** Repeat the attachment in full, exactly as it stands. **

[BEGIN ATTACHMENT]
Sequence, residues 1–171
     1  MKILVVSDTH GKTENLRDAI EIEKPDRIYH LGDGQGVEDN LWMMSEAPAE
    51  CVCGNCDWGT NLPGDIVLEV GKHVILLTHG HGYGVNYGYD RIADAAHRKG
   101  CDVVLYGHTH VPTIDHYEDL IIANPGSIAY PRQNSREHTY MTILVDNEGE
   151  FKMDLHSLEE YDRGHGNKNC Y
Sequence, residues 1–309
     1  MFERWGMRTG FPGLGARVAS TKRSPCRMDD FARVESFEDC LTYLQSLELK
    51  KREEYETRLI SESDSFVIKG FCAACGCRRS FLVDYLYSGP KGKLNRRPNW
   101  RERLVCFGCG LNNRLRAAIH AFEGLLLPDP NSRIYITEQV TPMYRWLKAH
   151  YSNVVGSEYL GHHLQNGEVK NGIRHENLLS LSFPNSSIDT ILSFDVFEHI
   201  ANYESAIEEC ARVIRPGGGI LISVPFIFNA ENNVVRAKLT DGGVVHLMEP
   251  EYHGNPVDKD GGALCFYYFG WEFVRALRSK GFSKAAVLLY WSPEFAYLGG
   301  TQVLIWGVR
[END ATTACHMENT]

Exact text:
Sequence, residues 1–171
     1  MKILVVSDTH GKTENLRDAI EIEKPDRIYH LGDGQGVEDN LWMMSEAPAE
    51  CVCGNCDWGT NLPGDIVLEV GKHVILLTHG HGYGVNYGYD RIADAAHRKG
   101  CDVVLYGHTH VPTIDHYEDL IIANPGSIAY PRQNSREHTY MTILVDNEGE
   151  FKMDLHSLEE YDRGHGNKNC Y
Sequence, residues 1–309
     1  MFERWGMRTG FPGLGARVAS TKRSPCRMDD FARVESFEDC LTYLQSLELK
    51  KREEYETRLI SESDSFVIKG FCAACGCRRS FLVDYLYSGP KGKLNRRPNW
   101  RERLVCFGCG LNNRLRAAIH AFEGLLLPDP NSRIYITEQV TPMYRWLKAH
   151  YSNVVGSEYL GHHLQNGEVK NGIRHENLLS LSFPNSSIDT ILSFDVFEHI
   201  ANYESAIEEC ARVIRPGGGI LISVPFIFNA ENNVVRAKLT DGGVVHLMEP
   251  EYHGNPVDKD GGALCFYYFG WEFVRALRSK GFSKAAVLLY WSPEFAYLGG
   301  TQVLIWGVR